Having someone involuntarily committed for a mental health evaluation in Pennsylvania is not easy, says the Pittsburgh Post-Gazette. Experts say the state’s 31-year-old Mental Health Procedures Act tries to balance individual rights against the need to protect society from those with dangerous illnesses. The family of Troy Hill Jr. argues that the mental health system failed the 18-year-old because his parents sought help from Western Psychiatric Institute and Clinic the day before the youth allegedly stabbed his 11-year-old twin stepbrothers, one fatally, in the boys’ home.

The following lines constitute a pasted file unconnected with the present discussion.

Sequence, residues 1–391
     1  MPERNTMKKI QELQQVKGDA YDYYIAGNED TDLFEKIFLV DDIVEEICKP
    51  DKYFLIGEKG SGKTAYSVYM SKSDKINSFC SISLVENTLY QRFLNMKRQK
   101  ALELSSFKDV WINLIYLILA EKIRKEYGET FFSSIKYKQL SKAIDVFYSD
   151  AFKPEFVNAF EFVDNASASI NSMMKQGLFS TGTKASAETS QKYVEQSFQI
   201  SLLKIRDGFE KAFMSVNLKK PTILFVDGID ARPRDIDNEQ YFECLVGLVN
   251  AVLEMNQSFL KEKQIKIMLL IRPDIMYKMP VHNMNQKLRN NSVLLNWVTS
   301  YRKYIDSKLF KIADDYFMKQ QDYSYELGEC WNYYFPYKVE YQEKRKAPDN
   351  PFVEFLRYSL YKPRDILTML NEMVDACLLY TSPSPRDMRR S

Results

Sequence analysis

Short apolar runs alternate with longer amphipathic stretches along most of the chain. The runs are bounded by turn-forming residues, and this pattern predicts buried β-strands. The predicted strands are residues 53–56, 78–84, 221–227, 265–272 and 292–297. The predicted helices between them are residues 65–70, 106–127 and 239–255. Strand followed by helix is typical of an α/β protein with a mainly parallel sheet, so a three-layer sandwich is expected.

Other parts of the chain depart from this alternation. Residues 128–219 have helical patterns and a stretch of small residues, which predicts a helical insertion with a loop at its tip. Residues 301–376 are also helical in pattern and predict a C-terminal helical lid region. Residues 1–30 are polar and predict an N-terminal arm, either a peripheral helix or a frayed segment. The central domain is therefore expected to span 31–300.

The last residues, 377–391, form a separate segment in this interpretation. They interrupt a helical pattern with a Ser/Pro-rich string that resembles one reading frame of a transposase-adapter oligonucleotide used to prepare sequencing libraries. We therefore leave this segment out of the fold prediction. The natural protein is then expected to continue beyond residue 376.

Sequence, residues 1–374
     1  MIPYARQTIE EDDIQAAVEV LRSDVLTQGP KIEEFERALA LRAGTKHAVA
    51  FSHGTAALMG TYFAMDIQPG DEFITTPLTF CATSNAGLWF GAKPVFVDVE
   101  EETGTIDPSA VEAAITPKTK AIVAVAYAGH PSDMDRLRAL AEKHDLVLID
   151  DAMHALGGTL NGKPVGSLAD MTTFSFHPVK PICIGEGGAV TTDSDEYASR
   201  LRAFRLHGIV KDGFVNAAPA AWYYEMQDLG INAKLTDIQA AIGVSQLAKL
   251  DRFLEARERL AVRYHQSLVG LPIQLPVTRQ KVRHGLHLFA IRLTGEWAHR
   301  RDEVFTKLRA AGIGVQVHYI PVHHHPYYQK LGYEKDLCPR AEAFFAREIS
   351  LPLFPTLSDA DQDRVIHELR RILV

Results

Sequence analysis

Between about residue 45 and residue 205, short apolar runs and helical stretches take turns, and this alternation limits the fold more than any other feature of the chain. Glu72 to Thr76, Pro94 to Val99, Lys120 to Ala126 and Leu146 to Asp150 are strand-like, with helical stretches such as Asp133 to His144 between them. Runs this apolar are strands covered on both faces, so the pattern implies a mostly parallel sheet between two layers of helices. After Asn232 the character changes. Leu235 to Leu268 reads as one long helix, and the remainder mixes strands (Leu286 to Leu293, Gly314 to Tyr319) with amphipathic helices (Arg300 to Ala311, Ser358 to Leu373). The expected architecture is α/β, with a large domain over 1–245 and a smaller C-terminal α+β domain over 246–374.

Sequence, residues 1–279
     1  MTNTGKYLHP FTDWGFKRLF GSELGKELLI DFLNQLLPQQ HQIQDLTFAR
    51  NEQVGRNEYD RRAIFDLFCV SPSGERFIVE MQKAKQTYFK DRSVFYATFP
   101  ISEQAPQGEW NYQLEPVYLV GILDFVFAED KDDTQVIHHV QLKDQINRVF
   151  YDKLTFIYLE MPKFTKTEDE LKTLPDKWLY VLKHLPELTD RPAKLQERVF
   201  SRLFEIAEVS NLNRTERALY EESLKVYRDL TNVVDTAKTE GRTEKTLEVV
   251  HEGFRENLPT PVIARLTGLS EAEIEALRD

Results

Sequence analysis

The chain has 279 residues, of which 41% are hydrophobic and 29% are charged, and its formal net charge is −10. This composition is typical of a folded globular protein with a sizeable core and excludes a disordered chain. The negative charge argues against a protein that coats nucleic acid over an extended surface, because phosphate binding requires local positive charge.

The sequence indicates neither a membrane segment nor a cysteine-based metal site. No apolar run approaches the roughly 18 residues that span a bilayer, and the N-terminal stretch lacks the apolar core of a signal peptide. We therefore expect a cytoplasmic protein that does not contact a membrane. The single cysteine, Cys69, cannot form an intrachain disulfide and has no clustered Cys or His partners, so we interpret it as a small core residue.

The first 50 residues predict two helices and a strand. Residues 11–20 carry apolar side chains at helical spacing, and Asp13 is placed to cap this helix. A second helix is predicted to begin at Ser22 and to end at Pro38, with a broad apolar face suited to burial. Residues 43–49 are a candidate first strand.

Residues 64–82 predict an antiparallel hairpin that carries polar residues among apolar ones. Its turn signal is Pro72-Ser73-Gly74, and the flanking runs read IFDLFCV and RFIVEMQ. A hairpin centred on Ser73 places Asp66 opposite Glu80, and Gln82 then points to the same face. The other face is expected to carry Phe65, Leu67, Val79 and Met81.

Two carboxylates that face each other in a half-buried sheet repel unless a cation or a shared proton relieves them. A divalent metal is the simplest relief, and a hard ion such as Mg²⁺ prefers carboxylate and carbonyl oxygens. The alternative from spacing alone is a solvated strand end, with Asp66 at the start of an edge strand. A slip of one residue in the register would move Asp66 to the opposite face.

The family expressed concerns about his increasingly troubling behavior, including reclusiveness, but a Western Psych crisis intervention team advised the family only to observe the youth. Under the law, for an involuntary commitment to occur, there needs to be an observed “clear and present danger of harm to others or to himself.” Mental illness is not enough for an involuntary commitment. Dr. Barry Fisher, a psychiatrist and immediate past president of the Pennsylvania Psychiatric Society, said the law must strike a difficult balance. “It can never be a perfect law and the reason for that is the reality, contrary to popular mythology, is that no one is good at predicting dangerousness, including those in the mental health field. We may be a little better than other people but not much. It is just so hard to predict.”